L. Morrison, B. Weaver, N.W. Mullen, M. Bédard
We examined the feasibility of using electrooculography (EOG) to monitor eye movements during simulated driving. We created three versions of a driving scenario that differed only in terms of how navigation instructions were provided. Two versions included visual navigation instructions, such as one would get from a global positioning device. In one version, the visual instructions appeared in the lower right corner of the middle screen (GPS group); and in the other, the instructions appeared in the centre of the middle screen, such that drivers did not have to move their eyes from the road to view the instructions. The third version included auditory navigation instructions only. We hypothesized that when visual navigation instructions appeared in the lower right corner of the screen, (1) more time would be spent glancing away from the road, and (2) that this would translate into poorer driving performance. We measured glance presence, and calculated glance latency and length during the three seconds following the onset of 12 randomly selected visual instructions. During this time, participants in the GPS group looked away from the road to the right significantly more often than those in the other two groups. As a result, these participants spent significantly more total time looking away from the road during the drive when compared to the other two groups. Groups did not differ significantly on any of the individual driving mistake categories, or on the total number of driving mistakes. Electrooculography does appear to be a feasible and affordable way to measure eye movement during simulated driving. Our results confirmed that participants spent more time glancing away from the road to the right when visual instructions were given in the lower right hand corner of the screen. Though electrooculography does not provide the same amount or quality of data as head-mounted eye trackers and multiple camera systems, it does yield sufficient data to address questions such as the ones posed in this study.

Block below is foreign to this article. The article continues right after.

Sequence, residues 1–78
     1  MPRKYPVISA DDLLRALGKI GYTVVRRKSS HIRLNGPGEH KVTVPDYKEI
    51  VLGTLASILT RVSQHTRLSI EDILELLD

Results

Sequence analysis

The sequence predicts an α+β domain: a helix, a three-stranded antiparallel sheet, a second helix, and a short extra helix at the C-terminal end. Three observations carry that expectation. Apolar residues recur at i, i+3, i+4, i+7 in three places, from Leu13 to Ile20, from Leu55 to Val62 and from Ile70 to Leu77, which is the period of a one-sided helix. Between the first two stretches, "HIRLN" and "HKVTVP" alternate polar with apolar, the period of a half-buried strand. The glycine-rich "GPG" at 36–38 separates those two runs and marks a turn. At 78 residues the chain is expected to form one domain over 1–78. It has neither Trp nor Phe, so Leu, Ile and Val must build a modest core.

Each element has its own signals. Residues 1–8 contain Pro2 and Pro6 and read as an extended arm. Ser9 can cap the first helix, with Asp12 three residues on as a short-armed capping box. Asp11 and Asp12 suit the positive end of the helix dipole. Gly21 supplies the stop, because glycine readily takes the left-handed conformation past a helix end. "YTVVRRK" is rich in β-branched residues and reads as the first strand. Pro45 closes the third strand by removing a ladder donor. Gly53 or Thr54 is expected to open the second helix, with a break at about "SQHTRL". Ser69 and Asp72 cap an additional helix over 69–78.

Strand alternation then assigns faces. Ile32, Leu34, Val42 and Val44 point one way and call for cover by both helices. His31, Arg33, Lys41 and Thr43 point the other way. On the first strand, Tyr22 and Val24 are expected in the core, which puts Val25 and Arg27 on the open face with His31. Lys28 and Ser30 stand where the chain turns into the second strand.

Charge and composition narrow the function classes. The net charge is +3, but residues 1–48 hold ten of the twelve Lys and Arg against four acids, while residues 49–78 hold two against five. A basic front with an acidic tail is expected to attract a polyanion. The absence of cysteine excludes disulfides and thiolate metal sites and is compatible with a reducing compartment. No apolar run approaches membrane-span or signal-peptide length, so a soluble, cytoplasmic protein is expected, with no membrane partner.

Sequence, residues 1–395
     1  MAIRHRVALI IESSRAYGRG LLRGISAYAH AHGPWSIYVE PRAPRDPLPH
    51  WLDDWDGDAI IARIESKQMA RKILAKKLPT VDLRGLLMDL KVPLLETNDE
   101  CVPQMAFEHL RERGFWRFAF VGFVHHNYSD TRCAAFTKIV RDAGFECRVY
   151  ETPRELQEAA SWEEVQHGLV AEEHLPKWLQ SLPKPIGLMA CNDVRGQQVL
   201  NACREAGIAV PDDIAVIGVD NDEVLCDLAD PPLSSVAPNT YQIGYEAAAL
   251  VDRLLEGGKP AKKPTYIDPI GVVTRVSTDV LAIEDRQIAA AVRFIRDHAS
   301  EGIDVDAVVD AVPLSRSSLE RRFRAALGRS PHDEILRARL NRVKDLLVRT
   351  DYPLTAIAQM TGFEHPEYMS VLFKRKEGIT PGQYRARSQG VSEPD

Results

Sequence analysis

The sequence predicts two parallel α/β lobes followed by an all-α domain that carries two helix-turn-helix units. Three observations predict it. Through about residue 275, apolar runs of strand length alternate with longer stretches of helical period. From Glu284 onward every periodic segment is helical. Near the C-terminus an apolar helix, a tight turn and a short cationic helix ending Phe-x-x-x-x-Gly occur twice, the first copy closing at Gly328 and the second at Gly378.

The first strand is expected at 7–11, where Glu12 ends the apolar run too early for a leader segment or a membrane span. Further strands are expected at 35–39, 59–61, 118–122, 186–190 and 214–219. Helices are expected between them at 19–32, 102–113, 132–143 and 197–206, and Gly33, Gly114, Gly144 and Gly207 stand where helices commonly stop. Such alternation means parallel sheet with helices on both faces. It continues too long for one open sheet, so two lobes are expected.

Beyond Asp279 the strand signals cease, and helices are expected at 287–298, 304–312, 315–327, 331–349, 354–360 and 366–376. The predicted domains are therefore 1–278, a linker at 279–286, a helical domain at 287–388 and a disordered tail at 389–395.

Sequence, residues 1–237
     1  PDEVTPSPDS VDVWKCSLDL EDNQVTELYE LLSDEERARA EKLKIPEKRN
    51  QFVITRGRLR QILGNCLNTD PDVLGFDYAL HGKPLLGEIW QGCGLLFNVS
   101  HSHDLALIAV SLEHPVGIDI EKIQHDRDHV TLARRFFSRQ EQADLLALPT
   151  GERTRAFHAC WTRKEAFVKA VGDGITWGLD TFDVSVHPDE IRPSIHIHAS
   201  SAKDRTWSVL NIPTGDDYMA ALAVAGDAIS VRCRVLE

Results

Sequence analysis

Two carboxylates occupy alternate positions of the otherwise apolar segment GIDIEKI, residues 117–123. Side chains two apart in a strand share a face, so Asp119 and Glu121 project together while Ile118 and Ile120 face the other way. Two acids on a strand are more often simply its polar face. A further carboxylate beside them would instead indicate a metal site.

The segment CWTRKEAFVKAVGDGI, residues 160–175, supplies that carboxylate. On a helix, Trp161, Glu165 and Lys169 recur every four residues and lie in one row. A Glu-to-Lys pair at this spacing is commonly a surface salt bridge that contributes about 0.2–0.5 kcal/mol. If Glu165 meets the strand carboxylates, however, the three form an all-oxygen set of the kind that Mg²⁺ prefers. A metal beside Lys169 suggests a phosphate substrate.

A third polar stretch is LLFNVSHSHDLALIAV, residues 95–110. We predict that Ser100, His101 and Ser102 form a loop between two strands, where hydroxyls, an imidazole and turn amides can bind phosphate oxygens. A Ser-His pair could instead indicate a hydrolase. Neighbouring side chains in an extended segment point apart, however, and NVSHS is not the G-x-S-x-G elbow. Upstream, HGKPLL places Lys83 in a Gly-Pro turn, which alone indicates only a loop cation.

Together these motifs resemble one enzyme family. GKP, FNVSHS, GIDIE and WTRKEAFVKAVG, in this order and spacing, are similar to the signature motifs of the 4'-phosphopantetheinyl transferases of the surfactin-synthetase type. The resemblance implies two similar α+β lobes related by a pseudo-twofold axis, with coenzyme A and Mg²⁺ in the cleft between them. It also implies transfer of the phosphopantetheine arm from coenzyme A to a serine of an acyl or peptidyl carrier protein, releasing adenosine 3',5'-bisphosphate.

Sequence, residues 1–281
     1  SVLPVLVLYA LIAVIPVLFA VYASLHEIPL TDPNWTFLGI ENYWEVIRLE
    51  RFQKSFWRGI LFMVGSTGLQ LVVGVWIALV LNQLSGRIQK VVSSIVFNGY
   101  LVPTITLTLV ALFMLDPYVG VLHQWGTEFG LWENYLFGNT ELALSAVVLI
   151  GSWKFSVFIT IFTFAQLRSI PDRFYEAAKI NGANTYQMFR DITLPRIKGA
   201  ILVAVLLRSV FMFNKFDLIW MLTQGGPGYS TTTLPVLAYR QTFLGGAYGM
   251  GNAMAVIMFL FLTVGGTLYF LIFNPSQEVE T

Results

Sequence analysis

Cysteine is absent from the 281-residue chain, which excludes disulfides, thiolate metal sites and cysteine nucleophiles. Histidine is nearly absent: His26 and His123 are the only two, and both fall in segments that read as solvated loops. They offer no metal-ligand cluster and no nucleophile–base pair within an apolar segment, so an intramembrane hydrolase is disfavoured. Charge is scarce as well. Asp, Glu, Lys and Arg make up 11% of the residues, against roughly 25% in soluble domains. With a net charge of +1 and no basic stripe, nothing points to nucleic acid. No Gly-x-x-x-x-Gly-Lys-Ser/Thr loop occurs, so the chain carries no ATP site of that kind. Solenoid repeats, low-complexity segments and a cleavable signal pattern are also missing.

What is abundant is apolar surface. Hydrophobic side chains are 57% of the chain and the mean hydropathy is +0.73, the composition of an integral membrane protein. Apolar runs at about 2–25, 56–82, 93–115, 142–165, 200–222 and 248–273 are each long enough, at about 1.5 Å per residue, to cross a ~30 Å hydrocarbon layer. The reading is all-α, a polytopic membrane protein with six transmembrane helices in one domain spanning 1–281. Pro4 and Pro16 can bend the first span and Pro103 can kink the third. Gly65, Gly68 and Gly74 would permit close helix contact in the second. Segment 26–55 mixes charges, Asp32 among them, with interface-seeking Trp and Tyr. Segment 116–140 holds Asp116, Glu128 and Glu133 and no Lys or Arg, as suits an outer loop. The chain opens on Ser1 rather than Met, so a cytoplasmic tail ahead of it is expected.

Keywords: glance analysis electrooculography; simulated driving; distraction; GPS